BRIEF RESEARCH REPORT article
Sec. Quantitative Psychology and Measurement
Psychometric Properties of the Chinese Irrational Procrastination Scale: Factor Structure and Measurement Invariance Across Gender
- 1Department of Psychology, Faculty of Social Sciences, University of Macau, Taipa, Macau, China
- 2Department of Psychology, University of Houston, Houston, TX, United States
The present paper reports on the preliminary validation of a Chinese version of Steel’s Irrational Procrastination Scale (IPS). To this end, the nine items of the IPS were translated into Chinese and data were collected from a sample of 2,361 mainland Chinese college students. Confirmatory factor analysis (CFA) was used to examine the dimensional structure of the IPS, and multigroup CFA (MG CFA) was carried out to evaluate the measurement invariance across gender. Results revealed that the Chinese IPS had adequate internal consistency reliability, adhered to the one-factor structure, and exhibited strong or scalar invariance across the two gender subgroups, thereby providing support for the internal construct validity of the scale. Additionally, the IPS scores were found to be strongly and negatively related to the Conscientiousness personality trait while showing weak correlations with the other traits, which provided some support for the convergent and divergent validity of the Chinese IPS. Study limitations and future research directions (e.g., expanding the empirical evidence for the scale’s criterion-related validity) are discussed.
Procrastination, the voluntary delay of action despite knowing to become worse off or disadvantageous due to the delay (Steel, 2007, 2010), is viewed as an irrational behavior pattern often associated with negative outcomes such as lower task performance, decreased well-being, increased physical and mental suffering, and unnecessary feelings such as worry, discomfort, guilt, and stress (Tice and Baumeister, 1997; Steel, 2007, 2010; Klingsieck, 2013; Steel and Ferrari, 2013). As a prevalent issue among both the general public and student populations, procrastination has been frequently examined in epidemiological research via self-report measures. Such studies estimated that at least 20% of the general adult population experiences difficulties related to procrastination (Harriott and Ferrari, 1996) and 50–95% of the student population engages in procrastinatory behaviors on a daily basis (Day et al., 2000; Ellis and Knaus, 2002; Schouwenburg et al., 2004; Steel, 2007). According to Steel and Ferrari (2013), procrastinators are often aware of their own tendency to procrastinate while recognizing procrastination as negative and are also motivated to overcome or reduce it (Steel, 2007).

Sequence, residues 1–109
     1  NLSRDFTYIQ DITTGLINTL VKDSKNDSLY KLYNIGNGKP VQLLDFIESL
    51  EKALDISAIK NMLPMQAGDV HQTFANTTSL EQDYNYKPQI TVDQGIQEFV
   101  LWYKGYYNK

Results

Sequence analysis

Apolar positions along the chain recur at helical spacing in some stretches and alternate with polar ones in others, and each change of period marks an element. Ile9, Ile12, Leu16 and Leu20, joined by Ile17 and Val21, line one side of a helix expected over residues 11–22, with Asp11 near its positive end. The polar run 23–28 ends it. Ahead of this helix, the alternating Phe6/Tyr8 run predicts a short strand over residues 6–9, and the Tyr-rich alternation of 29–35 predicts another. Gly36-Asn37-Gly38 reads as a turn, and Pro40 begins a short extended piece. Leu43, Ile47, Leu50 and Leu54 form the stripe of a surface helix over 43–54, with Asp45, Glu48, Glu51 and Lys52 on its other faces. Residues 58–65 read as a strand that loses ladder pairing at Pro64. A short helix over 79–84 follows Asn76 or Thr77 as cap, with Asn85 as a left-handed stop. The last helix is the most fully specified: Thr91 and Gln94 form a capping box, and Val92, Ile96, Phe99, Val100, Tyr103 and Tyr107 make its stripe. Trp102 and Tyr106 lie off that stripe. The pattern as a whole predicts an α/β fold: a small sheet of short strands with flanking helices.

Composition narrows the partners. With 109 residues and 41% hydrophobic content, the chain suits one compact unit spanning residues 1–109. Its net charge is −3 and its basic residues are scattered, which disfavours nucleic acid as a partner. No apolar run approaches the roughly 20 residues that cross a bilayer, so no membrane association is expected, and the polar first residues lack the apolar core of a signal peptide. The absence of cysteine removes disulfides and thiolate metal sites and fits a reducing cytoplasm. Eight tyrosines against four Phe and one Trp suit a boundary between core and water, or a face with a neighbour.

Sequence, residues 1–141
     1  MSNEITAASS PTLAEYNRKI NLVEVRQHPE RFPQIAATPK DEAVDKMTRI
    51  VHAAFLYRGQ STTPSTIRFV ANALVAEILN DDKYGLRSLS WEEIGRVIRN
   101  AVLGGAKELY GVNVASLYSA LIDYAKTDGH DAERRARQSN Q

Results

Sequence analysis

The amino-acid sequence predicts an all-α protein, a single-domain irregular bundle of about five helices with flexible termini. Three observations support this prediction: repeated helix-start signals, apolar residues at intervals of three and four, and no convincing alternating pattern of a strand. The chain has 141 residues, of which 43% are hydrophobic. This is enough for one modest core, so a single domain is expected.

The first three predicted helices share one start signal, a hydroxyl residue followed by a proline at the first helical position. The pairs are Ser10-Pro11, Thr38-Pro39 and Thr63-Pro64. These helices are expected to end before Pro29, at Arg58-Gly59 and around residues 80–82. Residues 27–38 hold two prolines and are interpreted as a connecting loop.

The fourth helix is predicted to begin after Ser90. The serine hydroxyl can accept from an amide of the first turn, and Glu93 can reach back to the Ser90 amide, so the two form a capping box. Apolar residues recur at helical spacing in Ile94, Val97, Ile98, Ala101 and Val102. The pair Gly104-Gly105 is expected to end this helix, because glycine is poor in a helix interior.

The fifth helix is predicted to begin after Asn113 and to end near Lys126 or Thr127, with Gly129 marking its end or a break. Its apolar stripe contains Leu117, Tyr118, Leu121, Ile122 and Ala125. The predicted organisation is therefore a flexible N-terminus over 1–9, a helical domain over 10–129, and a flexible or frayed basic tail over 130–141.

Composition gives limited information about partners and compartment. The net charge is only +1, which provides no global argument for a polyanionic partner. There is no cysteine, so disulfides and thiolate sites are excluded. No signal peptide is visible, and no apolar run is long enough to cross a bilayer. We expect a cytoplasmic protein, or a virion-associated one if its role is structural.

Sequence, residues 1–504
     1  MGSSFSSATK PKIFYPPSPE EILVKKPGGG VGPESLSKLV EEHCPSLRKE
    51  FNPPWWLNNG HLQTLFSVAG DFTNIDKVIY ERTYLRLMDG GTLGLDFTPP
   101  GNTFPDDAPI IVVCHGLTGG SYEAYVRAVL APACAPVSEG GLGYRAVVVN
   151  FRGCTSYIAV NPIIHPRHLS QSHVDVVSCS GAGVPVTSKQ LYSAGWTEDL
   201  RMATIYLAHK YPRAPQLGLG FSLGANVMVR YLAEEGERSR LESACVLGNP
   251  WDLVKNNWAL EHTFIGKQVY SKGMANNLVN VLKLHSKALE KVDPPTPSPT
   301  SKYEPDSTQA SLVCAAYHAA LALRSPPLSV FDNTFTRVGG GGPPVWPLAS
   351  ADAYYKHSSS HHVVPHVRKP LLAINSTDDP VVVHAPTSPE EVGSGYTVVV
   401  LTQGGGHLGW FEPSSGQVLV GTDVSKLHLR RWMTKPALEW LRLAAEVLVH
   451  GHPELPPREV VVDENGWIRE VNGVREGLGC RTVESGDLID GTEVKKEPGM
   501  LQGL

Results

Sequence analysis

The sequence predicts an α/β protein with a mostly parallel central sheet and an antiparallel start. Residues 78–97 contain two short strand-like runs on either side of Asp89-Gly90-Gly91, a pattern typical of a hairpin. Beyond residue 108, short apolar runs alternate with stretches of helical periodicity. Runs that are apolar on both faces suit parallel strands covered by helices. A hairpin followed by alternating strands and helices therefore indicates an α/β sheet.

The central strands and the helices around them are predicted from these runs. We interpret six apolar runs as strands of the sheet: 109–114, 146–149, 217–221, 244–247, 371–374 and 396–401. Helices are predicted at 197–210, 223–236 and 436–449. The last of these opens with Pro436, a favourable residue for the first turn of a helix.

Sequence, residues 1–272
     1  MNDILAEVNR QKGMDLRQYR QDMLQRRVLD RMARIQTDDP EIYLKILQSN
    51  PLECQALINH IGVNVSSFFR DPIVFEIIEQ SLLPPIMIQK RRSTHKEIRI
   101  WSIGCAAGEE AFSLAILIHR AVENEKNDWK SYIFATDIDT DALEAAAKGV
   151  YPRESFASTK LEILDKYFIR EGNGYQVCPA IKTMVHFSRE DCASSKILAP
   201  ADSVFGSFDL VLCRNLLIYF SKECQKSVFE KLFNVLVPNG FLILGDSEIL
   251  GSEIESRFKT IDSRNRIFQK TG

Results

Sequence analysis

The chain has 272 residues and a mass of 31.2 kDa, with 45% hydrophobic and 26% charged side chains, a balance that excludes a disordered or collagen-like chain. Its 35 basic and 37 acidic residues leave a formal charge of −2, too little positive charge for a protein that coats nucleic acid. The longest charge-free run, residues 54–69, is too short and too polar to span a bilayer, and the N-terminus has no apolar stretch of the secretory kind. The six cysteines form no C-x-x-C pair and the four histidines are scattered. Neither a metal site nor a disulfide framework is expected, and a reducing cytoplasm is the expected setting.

Given the prevalence and harmful consequences of procrastination, there has been a strong motive to develop and validate psychometrically sound measures for procrastination. Among a multitude of procrastination scales in the literature (see Steel, 2010, for an overview), the Irrational Procrastination Scale (IPS; Steel, 2010, 2002) was developed to focus on measuring one single unitary construct – the irrational or dysfunctional delay of intended behavior in the implemental phase (Steel, 2002, unpublished; Andreou, 2007) which was regarded as the most essential attribute of procrastination (Steel, 2007). The IPS contains nine items in total [e.g., “I delay tasks beyond what is reasonable” (Item 7)] all of which are intended to capture the construct of irrational procrastination. Due to its relatively short length, simple unidimensional structure, convenience to administer and score, and adequate psychometric properties (Steel, 2010; Steel and Ferrari, 2013), the IPS has not only become a commonly used and well-established scale for measuring procrastination in English-speaking countries but also attracted considerable attention from the international research community. Several recent adaptation and validation efforts have been made to investigate the psychometric properties of the IPS to support its use in other languages than English [e.g., Indonesian (Prayitno et al., 2013), French (Rebetez et al., 2014), Swedish (Rozental et al., 2014), Polish (Stępień and Topolewska, 2014), Norwegian (Svartdal, 2017), Spanish (Guilera et al., 2018), Russian (Klepikova and Kormacheva, 2019), and Korean (Kim et al., 2020)], but to our knowledge, no validation has been carried out in the Chinese context. Hence, the aim of the current study is to investigate the psychometric properties of the Chinese version of the IPS to provide support for its use in the Chinese settings which in turn would be helpful in facilitating procrastination research and prevention practices in China. Specifically, the internal consistency reliability and factor structure of the scale followed by its measurement invariance across gender as well as the relations to external variables are examined.